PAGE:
So I knew at a very young age that I was not like other boys my age. I never liked the typical “boys toys” I would always rather play with dolls and other toys typically associated with girls. When I was 12 years old I told the first person I was gay and it was a huge relief.
The first person I told was my aunt when we were on vacation, we have always been very close and she knew everything about me because I would always tell her things and I still do. That day I had been acting really shy and off because I was thinking about how ashamed I felt that I was gay like I often did back then because I thought it was wrong.
That night she came into my room and asked if I wanted to go on a walk and I said sure so we did. When we got far enough from the house that we were staying at she asked me if I was ok and I told her no, so she asked me what was wrong and I told her that I was gay. She stopped walking looked at me and gave me a hug and said, honey, I already knew that and that it was ok.” After that, we walked and talked about everything for hours. And I felt much better.
After coming out to her I came out the rest of the family and my friends at school some supported me others not so much. I was bullied for several years to follow, with caused me to go in to deep depression I had accepted who I was but others had not. Fellow students and even some family told, that I would never amount to anything, that I was worthless and should just go die.
Even though deep down I knew who I was and that it really was ok to be myself, I started to believe all of the things people were telling me and went through a very difficult time in my life and sometimes I even had thoughts of suicide and actions of self harm. But I realized thanks to some amazing teachers, school councilors, friends and the work of the Trevor Project ,an American non- profit organization focused on suicide prevention efforts among the lesbian, gay, bisexual, transgender and queer community that there where people who loved me and that life would get better!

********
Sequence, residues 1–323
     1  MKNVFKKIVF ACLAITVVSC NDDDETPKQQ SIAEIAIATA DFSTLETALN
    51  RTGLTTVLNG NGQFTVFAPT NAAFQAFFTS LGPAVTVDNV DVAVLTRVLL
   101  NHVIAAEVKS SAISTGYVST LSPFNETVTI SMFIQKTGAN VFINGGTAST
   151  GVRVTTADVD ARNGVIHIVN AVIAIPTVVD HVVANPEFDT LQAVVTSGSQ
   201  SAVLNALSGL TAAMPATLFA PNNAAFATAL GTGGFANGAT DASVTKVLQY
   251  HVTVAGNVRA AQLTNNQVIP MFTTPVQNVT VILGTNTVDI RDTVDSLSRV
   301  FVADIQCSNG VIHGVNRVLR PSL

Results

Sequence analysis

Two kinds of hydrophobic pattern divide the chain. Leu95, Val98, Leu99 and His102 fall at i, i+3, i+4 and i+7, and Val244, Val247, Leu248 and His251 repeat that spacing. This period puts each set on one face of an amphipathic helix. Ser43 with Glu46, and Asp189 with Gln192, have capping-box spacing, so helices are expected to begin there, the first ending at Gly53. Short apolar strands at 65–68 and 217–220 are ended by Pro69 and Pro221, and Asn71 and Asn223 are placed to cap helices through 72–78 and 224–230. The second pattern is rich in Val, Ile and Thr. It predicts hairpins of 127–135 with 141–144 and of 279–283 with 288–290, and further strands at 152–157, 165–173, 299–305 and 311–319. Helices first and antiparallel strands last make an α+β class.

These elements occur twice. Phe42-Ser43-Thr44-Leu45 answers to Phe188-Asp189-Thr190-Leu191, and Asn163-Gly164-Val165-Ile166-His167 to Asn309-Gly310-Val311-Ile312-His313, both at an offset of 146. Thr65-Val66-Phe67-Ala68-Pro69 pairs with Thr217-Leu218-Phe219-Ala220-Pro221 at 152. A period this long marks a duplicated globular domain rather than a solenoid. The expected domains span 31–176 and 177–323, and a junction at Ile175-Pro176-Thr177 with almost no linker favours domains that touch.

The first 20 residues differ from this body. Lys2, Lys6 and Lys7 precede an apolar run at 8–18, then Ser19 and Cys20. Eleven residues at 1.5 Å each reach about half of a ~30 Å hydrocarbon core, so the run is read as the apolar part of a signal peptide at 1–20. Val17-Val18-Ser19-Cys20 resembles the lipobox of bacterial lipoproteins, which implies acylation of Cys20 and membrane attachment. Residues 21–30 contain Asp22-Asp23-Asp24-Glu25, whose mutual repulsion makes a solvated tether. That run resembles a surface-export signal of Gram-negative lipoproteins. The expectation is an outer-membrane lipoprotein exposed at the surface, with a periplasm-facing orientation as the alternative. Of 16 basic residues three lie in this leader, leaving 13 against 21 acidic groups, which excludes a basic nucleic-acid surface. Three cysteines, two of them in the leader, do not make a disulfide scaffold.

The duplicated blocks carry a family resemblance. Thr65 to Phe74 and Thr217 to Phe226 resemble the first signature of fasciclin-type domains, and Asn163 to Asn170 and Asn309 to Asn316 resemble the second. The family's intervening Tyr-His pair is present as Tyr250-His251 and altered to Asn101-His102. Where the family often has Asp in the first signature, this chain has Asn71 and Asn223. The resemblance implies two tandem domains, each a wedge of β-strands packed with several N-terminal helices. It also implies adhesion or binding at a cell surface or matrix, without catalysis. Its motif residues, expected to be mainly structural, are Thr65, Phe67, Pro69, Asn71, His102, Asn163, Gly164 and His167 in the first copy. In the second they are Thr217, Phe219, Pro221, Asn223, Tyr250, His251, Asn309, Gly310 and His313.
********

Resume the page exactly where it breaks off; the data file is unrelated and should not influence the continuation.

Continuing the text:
Even though when I came out I experienced bullying and lack of support. I did not give up. I went on to lead my high school and college GSA and have worked with and advocated for both local and national organizations including but not limited to GLSEN, HRC, Planned Parenthood, The Tennessee Equality Project and The Tennessee Suicide.I now work to with several organizations promoting the message that life gets better, and it is important never to give up.
I am of East Tennessee GLSEN Chapter Leader and a Youth Ambassador for the Human Rights Campaign Foundation. I have been and plan to continue to work to end bullying and suicide.
I know fist had that being a member of the LGBTQ community in today’s society can be very difficult. I know how hard it can be to come out, to feel accepted in your school or community. For many LGBTQ young people, especially those who are transgender, immigrants, Muslim, disabled, or people of color, the election result feels like a rejection of their humanity and their place in our country. A recent HRC survey found that more than a quarter of LGBTQ youth said they have been personally bullied or harassed since Election Day, with transgender young people most frequently targeted. I hope that, I can help to combat these scary statistics — and help LGBTQ youth get the resources they need to feel safe, loved and accepted and to let you all know that there is hope out there.
I love what I do and hope that I can continue to do great things for LGBT youth everywhere. Whatever you do always remember and never forget you are perfect as you are and that that Love is Love is Love. If you are interested in helping me to raise money so that I can make a larger impact on lgbt youths lives then go to https://funds.gofundme.com/dashboard/RoddyBiggs/ to learn more and to give!
If you would like to learn more about my work you can find me online on the following platforms:
Facebook at https://www.facebook.com/Roddy.Biggs.official